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The Atlantic Coast Pipeline Fight Could Go to the Supreme Court
The fight over the controversial Atlantic Coast Pipeline may be headed to the Supreme Court.
Dominion Energy, the lead developer of the project that would carry fracked natural gas for 605 miles through West Virginia, Virginia and North Carolina, said Tuesday it would appeal to the nation's highest court after an appeals court refused to reconsider its decision to throw out a crucial permit for the project on Monday, The Associated Press reported.
Dominion and the U.S. Forest Service had asked the fourth U.S. Court of Appeals for a re-hearing of the court's December 2018 decision to toss the U.S. Forest Service permit allowing the pipeline to cross the George Washington and Monongahela National Forests as well as part of the Appalachian Trail. The court refused.
The court had ruled in December that the U.S. Forest Service did not have the authority to grant the pipeline company permission to cross the Appalachian Trail.
"The Fourth Circuit's decision, now final, confirmed that this pipeline has to play by the same rules as everybody else," Southern Environmental Law Center (SELC) Senior Attorney D.J. Gerken said in a press release. "The Forest Service has never approved a new pipeline across the Appalachian Trail — but, under intense political pressure, it did for Atlantic, while ignoring routes that would avoid the forest. Atlantic could reroute, but instead it should scrap this boondoggle and stop running up a bill it wants to stick to customers."
Dominion said it would file an appeal with the Supreme Court within 90 days, The Associated Press reported. It is also seeking "legislative and administrative options" in case the Supreme Court refuses to hear its case, thought it did not specify what those might be.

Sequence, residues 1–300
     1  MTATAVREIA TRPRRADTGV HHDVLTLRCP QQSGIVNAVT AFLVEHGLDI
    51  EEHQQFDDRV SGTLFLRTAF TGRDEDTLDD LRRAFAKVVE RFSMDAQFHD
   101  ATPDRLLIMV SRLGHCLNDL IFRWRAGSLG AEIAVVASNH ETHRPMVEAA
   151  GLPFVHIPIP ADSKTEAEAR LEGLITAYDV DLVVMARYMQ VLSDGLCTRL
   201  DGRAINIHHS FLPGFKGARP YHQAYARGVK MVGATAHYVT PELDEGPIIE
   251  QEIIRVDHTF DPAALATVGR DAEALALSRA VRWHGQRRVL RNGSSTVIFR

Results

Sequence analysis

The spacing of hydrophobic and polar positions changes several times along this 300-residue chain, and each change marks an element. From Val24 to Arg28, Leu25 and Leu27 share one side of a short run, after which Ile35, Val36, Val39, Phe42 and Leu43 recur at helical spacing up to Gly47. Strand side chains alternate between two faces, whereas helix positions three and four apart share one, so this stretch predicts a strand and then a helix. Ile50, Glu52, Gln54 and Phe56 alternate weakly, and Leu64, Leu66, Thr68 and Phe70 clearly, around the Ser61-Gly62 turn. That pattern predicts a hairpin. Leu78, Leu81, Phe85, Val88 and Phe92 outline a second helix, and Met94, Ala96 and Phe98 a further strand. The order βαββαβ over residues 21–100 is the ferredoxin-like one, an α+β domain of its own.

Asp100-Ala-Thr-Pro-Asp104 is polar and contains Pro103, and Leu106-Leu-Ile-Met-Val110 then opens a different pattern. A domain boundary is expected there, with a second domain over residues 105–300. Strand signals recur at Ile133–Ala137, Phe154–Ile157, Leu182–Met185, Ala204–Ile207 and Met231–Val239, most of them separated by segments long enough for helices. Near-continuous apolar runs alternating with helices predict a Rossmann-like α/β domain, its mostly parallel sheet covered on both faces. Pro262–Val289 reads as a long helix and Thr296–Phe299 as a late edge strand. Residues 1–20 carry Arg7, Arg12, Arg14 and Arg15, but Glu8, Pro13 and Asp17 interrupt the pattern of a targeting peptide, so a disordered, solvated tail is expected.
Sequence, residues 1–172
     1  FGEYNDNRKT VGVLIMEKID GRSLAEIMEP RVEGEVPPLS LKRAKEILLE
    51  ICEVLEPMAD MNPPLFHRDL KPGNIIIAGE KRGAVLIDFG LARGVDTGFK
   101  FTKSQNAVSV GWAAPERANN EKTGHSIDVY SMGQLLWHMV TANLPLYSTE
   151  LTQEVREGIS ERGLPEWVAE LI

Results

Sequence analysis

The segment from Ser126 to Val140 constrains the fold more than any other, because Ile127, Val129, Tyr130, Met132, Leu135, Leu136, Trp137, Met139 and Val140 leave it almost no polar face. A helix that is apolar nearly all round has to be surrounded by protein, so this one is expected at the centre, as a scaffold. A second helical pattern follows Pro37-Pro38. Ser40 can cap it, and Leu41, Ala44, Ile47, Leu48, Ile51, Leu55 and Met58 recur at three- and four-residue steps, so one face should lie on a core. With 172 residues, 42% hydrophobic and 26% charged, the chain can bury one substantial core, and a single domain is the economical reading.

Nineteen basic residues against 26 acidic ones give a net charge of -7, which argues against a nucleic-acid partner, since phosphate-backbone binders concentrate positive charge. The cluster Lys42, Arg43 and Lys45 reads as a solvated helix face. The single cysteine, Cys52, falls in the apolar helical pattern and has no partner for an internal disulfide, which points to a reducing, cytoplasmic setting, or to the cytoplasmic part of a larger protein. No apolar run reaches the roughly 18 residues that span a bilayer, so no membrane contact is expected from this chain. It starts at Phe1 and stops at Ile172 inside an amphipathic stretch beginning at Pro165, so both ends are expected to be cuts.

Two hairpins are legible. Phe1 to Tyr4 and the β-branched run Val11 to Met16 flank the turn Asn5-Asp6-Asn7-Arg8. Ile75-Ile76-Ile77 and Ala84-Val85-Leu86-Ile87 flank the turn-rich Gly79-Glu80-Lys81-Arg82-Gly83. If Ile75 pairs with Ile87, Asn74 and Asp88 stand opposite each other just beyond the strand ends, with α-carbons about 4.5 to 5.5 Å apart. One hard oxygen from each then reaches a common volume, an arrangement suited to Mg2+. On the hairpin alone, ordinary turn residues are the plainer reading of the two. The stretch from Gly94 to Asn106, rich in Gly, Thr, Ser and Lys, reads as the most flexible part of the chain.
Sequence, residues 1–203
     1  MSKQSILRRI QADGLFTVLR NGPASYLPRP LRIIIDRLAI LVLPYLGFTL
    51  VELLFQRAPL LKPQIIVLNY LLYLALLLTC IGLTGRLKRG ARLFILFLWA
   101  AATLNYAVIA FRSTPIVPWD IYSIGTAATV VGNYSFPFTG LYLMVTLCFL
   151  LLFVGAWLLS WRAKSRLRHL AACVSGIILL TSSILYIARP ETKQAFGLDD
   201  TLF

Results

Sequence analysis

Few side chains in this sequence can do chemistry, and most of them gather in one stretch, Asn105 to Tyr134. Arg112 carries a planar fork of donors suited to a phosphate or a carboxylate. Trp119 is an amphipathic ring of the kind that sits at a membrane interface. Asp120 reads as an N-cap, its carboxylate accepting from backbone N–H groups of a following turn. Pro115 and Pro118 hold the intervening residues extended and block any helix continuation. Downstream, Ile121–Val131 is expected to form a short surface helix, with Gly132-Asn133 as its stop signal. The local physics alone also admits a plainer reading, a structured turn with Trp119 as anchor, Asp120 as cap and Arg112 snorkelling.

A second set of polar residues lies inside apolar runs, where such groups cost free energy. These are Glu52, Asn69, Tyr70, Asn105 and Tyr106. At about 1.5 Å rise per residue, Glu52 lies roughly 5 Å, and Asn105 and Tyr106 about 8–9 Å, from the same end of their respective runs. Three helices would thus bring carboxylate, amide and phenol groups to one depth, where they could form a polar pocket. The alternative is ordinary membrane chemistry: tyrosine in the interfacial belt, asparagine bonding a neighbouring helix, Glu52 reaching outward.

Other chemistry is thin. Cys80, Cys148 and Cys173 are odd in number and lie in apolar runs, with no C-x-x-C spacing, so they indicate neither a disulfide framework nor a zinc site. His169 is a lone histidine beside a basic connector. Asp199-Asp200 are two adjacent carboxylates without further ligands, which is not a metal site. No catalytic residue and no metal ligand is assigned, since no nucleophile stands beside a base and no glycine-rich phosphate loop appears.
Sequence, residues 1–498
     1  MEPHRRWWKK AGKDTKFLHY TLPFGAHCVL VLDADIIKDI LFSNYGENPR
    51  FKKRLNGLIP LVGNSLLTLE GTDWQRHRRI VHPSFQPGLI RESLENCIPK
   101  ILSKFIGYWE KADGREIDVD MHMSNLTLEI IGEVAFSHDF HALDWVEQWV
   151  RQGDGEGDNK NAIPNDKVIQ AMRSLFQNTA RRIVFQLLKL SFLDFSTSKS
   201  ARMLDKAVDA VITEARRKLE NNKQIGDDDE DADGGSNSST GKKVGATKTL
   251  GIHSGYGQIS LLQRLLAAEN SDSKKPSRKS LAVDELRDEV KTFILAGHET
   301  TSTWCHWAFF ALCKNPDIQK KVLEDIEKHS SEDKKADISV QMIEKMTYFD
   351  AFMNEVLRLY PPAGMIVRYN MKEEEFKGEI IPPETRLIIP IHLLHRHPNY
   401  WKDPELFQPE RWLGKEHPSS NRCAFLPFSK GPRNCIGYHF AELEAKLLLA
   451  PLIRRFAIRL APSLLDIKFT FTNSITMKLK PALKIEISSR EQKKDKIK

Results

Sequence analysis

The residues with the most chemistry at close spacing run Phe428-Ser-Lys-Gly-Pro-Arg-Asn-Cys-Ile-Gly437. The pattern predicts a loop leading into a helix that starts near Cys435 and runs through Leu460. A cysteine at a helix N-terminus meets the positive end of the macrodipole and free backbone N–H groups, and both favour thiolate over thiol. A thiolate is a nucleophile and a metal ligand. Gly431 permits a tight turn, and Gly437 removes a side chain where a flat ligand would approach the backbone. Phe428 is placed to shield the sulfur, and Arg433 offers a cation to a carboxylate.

Gerken speculated to The Associated Press that Dominion might ask Congress to grant the U.S. Forest Service or another body the authority to allow it to cross the trail.
Construction is now stopped along the entire route of the pipeline, and the cost of the project has gone from an estimated $4.5 to 5 billion when first announced to $7 to $7.5 billion, West Virginia Public Broadcasting reported. Despite this, the company said it would complete the project and that "at least partial construction will recommence in the third quarter of 2019."
However, pipeline opponents are hoping the company will admit defeat.
"The Fourth Circuit has once again made it clear what everyone but the corporate polluters behind the Atlantic Coast Pipeline already know: it is impossible to construct this fracked gas project without causing massive landslides and threatening the Appalachian Trail and our clean water. Any proposal to threaten our communities, our clean water, and our national parks and public lands simply cannot ever be permitted. It's past time that the companies behind the disastrous Atlantic Coast Pipeline abandon this dirty and dangerous project once and for all," Sierra Club Senior Attorney Nathan Matthews said in the SELC release.
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Global Banks, Led by JPMorgan Chase, Invested $1.9 Trillion in Fossil Fuels Since Paris Climate Pact
By Sharon Kelly
A report published Wednesday names the banks that have played the biggest recent role in funding fossil fuel projects, finding that since 2016, immediately following the Paris agreement's adoption, 33 global banks have poured $1.9 trillion into financing climate-changing projects worldwide.
By Patti Lynn
2018 was a groundbreaking year in the public conversation about climate change. Last February, The New York Times reported that a record percentage of Americans now believe that climate change is caused by humans, and there was a 20 percentage point rise in "the number of Americans who say they worry 'a great deal' about climate change."
England faces an "existential threat" if it does not change how it manages its water, the head of the country's Environment Agency warned Tuesday.
By Jessica Corbett